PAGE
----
Content The proposal must contain the following sections - statement of the problem, rationale, technical approach and implementation. Each section will be graded on appropriateness, completeness and clarity.
  1. Statement of problem-
    1. What is your project all about? Be specific. You should operationalize your terms in order to clarify the problem you are trying to address as well as the approach you will pursue. If appropriate: use literature citations and references to other systems to support your arguments and descriptions.
  2. Rationale -
    1. State the reasons why you want to explore what you are. Why is this a good idea for a project? What do you believe you will learn by doing it? Derive the implications from your project to design, learning, and collaboration.
  3. For non-implementation projects:
    1. Develop null hypotheses for the questions you would like to investigate
    2. Articulate clearly how your work will investigate issues beyond what is already known
  4. For implementation projects:
    1. Outline and justification of technical approach how will your program work? What tools do you intend to use? Why do you think your approach is reasonable? What other potential approaches seem to be feasible?
    2. Implementation Plan proceed in a way that you consider early implementation efforts as prototypes to give you a deeper understanding of the problem.
  5. References List the key references, other systems, previous projects on which your work will be based.



First Progress Report

Format: maximum length of 2 pages.

Evaluation: Progress reports will be evaluated like the proposals, based on relevance, appropriateness, completeness and clarity. Refinement and potential redefinition of goals should be emphasized.

Content The progress report must contain a description of your progress against your original schedule. If you have changed your plans (based on your work), it must include a clear description of the revisions and arguments for them.



Second Progress Report

a refined version of the first progress report emphasizing the progress made since the first progress report



Final Report

Format A maximum length of 6 pages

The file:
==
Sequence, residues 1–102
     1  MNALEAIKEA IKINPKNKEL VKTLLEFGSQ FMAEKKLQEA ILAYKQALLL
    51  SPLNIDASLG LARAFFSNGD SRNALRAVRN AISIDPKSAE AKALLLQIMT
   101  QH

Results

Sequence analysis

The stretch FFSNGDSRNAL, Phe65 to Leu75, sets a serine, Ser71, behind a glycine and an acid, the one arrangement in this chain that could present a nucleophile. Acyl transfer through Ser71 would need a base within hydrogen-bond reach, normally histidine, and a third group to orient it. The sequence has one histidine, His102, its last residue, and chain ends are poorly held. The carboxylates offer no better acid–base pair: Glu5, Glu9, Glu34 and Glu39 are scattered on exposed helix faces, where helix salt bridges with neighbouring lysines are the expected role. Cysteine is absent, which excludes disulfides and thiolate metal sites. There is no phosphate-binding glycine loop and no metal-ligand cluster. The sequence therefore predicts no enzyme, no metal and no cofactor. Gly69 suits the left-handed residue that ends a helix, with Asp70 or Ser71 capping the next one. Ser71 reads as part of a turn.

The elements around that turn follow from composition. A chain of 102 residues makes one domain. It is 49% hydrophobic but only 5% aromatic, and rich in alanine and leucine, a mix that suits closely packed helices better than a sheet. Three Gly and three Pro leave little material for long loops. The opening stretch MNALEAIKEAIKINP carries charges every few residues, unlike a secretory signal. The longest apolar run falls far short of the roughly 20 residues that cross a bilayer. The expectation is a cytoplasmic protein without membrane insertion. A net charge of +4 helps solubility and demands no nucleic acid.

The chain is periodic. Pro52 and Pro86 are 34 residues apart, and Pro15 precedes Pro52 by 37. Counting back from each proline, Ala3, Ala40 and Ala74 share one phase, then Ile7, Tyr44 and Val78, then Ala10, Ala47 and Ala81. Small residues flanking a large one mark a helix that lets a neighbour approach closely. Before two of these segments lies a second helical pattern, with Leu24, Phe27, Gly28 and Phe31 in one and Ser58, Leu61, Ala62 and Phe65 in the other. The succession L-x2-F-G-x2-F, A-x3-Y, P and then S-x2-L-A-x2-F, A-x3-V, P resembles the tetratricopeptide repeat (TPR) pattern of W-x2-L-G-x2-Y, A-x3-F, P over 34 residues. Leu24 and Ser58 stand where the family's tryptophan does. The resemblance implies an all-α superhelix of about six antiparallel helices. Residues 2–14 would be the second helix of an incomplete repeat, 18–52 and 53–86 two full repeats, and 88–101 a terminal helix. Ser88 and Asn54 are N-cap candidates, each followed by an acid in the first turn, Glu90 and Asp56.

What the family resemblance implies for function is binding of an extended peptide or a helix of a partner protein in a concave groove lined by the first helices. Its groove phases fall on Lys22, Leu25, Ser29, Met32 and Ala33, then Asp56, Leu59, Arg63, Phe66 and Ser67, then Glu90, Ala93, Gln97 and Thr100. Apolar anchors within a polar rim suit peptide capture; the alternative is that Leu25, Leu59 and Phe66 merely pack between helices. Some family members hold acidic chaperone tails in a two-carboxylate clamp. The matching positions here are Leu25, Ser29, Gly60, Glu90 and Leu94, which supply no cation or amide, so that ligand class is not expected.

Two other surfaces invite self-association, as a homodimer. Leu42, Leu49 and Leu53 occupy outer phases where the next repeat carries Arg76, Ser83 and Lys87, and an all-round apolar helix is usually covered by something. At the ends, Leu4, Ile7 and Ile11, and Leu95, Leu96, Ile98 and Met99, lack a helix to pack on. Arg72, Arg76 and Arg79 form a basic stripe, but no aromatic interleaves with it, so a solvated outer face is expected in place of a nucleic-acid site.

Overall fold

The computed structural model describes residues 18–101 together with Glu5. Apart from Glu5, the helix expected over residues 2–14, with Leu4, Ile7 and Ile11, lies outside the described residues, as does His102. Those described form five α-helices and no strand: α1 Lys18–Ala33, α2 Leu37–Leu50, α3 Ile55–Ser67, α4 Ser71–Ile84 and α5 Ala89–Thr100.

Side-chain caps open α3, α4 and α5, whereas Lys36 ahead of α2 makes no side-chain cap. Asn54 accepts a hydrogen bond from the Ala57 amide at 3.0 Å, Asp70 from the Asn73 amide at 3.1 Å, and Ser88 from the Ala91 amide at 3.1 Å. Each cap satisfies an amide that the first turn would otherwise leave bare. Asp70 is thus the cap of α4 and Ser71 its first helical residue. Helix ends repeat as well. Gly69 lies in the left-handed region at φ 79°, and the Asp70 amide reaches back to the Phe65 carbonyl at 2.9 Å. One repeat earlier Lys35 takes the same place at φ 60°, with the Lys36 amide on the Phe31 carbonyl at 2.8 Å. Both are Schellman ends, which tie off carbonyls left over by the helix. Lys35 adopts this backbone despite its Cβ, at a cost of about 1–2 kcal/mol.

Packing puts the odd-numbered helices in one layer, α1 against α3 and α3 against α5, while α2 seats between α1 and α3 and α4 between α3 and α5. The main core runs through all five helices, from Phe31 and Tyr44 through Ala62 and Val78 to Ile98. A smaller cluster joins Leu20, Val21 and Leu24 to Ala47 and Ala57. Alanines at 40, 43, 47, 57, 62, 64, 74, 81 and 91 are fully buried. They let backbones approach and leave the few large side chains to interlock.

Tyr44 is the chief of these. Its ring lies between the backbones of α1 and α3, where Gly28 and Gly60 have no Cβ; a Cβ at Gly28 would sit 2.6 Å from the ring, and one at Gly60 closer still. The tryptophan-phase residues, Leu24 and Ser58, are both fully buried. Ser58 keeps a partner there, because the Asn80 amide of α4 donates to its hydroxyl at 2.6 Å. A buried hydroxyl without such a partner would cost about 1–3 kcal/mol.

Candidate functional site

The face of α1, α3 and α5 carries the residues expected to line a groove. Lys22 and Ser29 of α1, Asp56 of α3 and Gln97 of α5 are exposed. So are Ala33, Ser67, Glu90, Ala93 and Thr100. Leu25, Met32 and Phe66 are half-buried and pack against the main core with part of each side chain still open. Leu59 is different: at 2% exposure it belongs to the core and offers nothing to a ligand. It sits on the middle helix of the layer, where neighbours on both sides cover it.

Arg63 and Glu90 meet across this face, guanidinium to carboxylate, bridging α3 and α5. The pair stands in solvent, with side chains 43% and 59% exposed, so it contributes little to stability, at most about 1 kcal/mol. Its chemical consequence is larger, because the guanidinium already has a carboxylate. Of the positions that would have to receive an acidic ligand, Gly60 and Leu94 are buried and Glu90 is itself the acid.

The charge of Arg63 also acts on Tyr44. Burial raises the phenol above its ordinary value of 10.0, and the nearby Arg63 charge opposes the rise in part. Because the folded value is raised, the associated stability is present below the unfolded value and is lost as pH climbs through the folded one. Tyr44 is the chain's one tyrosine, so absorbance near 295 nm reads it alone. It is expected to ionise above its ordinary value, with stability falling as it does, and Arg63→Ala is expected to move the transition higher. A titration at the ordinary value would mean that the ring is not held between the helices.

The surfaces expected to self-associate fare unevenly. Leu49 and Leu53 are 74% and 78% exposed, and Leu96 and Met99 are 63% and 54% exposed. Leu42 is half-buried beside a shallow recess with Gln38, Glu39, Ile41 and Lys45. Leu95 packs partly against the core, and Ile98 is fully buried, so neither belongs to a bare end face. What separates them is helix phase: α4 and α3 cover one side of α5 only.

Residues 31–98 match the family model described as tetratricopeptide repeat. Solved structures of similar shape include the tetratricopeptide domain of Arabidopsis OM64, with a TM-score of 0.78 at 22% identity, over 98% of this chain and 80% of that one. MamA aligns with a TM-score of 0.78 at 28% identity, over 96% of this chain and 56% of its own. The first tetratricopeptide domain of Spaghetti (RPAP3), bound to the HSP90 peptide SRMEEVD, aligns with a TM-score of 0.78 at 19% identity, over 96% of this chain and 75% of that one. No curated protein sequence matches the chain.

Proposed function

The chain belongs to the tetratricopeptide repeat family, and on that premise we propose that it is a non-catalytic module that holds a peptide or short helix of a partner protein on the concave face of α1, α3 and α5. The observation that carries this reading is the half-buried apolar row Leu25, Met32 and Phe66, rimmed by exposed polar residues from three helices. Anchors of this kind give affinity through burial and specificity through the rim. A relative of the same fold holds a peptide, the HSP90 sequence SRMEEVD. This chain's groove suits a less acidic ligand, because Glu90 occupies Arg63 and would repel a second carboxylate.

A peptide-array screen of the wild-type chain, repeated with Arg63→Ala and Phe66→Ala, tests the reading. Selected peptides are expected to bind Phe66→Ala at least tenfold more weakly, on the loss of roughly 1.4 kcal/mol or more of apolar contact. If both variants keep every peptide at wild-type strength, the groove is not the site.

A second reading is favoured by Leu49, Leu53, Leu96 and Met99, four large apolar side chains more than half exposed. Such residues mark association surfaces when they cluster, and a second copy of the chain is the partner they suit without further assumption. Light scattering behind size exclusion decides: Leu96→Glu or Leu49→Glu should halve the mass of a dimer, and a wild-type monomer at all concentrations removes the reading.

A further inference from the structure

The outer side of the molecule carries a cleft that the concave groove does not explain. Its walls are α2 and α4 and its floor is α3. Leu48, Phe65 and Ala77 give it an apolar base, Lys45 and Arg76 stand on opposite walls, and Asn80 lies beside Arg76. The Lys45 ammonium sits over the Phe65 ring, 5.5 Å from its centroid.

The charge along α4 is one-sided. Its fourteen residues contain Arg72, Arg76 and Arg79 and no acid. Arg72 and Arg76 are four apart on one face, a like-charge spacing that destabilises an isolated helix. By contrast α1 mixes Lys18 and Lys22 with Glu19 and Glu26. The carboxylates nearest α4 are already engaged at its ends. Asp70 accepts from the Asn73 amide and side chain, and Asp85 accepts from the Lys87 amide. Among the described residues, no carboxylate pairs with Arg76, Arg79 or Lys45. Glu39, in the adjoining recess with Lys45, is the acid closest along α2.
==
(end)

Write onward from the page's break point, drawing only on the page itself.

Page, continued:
Evaluation: The final report will be evaluated based on relevance, creativity, appropriateness, completeness, and clarity.

Content The final report must include the following sections (it is encouraged to extend and reuse arguments from previous reports):

  1. Statement of the Problem including how your understanding of the problem has changed while you have worked on it over the period of the course
  2. Rationale it explains why is the problem interesting or important? Relate it to other systems and the literature! Why should someone else be interested in the problem chosen by you?
  3. Non-Implementation Projects:
    1. Articulate clearly your contribution
    2. Describe how you advanced the knowledge (e.g., questionnaire, testing of developments, new conceptual framework, empirical data)
  4. Implementation Projects:
    1. Technical approach discuss the impact of the tools (which you have selected) on the problem solution. Contrast your approach with other approaches to similar problems described in the literature.
    2. Description of the system describe the structure of your system in sufficiently abstract terms (so that the reader does not get lost in technical details).
    3. Description of the system behavior what does the program do? Illustrate it with a scenario!
    4. Evaluation of the program / system it should address questions such as: how well does it work? What are the shortcomings and limitations? Which theoretical issues does it clarify?
    5. Potential further developments of your program /system assuming you would have another year to work on: what would you do?
  5. References List the key references, other systems, previous projects on which your work will be based.



View this PageEdit this PagePrinter Friendly ViewLock this PageReferences to this PageUploads to this PageHistory of this PageTop of the SwikiRecent ChangesSearch the SwikiHelp Guide